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Finally, a story about underage drinking with a happy ending

Finally, a story about underage drinking with a happy ending
Students Kevin Gerbracht, left, and Julieta Munoz work in a Zinfandel vineyard at Cal Poly Pomona. Grapes from these plants will be used in wine production classes. A new California law exempts underage students from the current ban on tasting alcoholic beverages they are learning to make. (Don Bartletti / Los Angeles Times)

Imagine attending culinary school and never being allowed to taste the food you cook. Or music school, and never be allowed to hear the music you make.

That, basically, is what it's been like for undergraduates at California's public colleges and universities who choose to major in winemaking and beer brewing. If they are under 21, they can't sample the very substance to which they have devoted their academic lives.

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It's ironic, given that any college kid can get falling-down drunk any weekend without much threat of legal repercussion.

But in classrooms, drinking is illegal, even when the student is trying to produce the perfect Zinfandel, or at least understand what goes into making wine taste good or bad.

"I suppose one or two students over the years may have tasted wine illegally," said UC Davis enology professor Andrew Waterhouse.  "But when we are teaching classes we have to follow the law, that's the way it is."

The law will change in January. It is long overdue, but California lawmakers finally passed a bill that will let underage college students taste what they brew and ferment.

There are caveats, to be sure.

Adrian Lopez, UC Davis' director of state government relations, told me the new law applies only to public schools that have accredited enology and brewing programs, that a student has to be at least 18 and part of the major, that the alchohol must be in possession of an instructor who is of age, and, tragically (my word, not his), the student may not swallow.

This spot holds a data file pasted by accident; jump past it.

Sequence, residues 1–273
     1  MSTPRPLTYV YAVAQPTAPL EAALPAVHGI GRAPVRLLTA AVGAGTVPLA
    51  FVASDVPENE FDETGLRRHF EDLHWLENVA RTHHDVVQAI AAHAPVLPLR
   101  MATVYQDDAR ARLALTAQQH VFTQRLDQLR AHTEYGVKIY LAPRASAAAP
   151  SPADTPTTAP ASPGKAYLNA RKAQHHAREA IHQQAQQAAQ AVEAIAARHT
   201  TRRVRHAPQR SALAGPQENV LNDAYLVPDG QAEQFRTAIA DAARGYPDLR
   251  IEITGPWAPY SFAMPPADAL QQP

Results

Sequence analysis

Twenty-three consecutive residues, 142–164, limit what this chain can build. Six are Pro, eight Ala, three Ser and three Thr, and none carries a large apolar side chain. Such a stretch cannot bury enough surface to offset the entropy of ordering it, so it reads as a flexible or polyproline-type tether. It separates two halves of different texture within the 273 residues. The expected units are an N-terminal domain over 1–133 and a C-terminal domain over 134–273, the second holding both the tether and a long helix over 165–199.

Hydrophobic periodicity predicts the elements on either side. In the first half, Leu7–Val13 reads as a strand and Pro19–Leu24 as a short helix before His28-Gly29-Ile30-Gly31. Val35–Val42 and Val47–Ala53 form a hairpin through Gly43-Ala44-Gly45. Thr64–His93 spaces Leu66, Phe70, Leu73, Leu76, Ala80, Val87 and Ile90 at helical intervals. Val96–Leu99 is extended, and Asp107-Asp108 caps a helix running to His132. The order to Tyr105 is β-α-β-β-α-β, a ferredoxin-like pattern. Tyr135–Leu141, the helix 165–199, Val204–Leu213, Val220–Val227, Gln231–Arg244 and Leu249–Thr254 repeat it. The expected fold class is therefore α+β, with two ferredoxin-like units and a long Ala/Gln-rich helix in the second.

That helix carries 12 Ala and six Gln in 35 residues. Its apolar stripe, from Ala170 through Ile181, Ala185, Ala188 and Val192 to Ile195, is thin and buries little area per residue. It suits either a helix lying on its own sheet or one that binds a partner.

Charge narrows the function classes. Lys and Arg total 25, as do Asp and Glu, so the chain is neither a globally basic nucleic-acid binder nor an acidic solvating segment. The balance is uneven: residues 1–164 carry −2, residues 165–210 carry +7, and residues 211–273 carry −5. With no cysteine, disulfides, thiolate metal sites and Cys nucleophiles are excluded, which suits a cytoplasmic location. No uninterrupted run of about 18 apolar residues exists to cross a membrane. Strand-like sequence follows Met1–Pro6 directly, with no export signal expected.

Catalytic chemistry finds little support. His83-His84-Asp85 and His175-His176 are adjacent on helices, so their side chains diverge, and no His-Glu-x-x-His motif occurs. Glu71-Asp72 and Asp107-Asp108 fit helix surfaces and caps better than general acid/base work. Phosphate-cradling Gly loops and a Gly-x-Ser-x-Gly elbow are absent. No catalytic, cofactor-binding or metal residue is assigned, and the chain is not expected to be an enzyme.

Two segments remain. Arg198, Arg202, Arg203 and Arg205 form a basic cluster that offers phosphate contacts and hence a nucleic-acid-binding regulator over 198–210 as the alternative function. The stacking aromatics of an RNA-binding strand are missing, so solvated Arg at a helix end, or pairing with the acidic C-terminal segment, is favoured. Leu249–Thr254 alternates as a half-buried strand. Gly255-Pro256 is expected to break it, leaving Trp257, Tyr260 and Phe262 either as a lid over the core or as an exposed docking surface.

"They can swirl it in their mouth to taste the defects, or how the fermentation process is going," he said.

Which is the whole point, said Waterhouse, a chemist who pushed for the new law. Waterhouse's lab studies the effect that oxidation has on the development of color in red wine. He is working on ways to retain the flavors that are inevitably lost in the oxidation process.

Until now, he said, students younger than 21 have been able only to sniff the wine they are learning to make. You cannot develop a palette by sniff alone.

Still, there is no question students who can't taste are missing out. "Wine tastes totally different when it's being made," said Waterhouse. "If you are trying to figure out what's going on in the wine, you have to taste to perceive problems. That's why winemakers taste their wine every day during fermentation. If there's a problem, they want to intervene."

The prohibition has been more than a palette problem for students. As my colleague Carla Rivera noted in this story about the law before Gov. Brown signed it last week, not being able to taste wine has forced many students to postpone coursework—and even spend additional time in school--as certain classes are open only to students who are 21.

California has been a powerhouse winemaking state for nearly half a century. Viticulture research has been a feature of the University of California since its inception in the late 19th Century, Waterhouse said.

So what on Earth took so long to get this law passed?

No one really knows. Lopez speculated that the schools were scared off because Califoria's legal drinking age—21-- is enshrined in the state Constitution. (It's in a section of Article XX called "Miscellaneous subjects.")

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"There was a perception that it would require a constitutional amendment," Lopez said, which no one wanted to take on. But when he researched the issue, he found that 12 states already have educational exemptions that allow students to taste alcohol in the classroom.

He also discovered that California already had one exemption to its prohibition on underage drinking, which seemed to pave the way for this one. That law says underage California drinkers cannot be prosecuted if they seek medical help for a friend who is dangerously inebriated. (Parents of underage drinkers: Please share that with your kids.)

With the approval of University of California President Janet Napolitano, Lopez found a legislator, Arcata Democratic Assemblyman Wesley Chesbro, whose district includes part of Sonoma County, to carry the bill. It sailed through both houses of the California Legislature, nearly opposition free.

On Monday, Gov. Jerry Brown signed it into law.

It's so rare that stories about underage drinking have a happy outcome. I just had to share this one.

You'll get drunk on life when you follow me on Twitter: @robinabcarian

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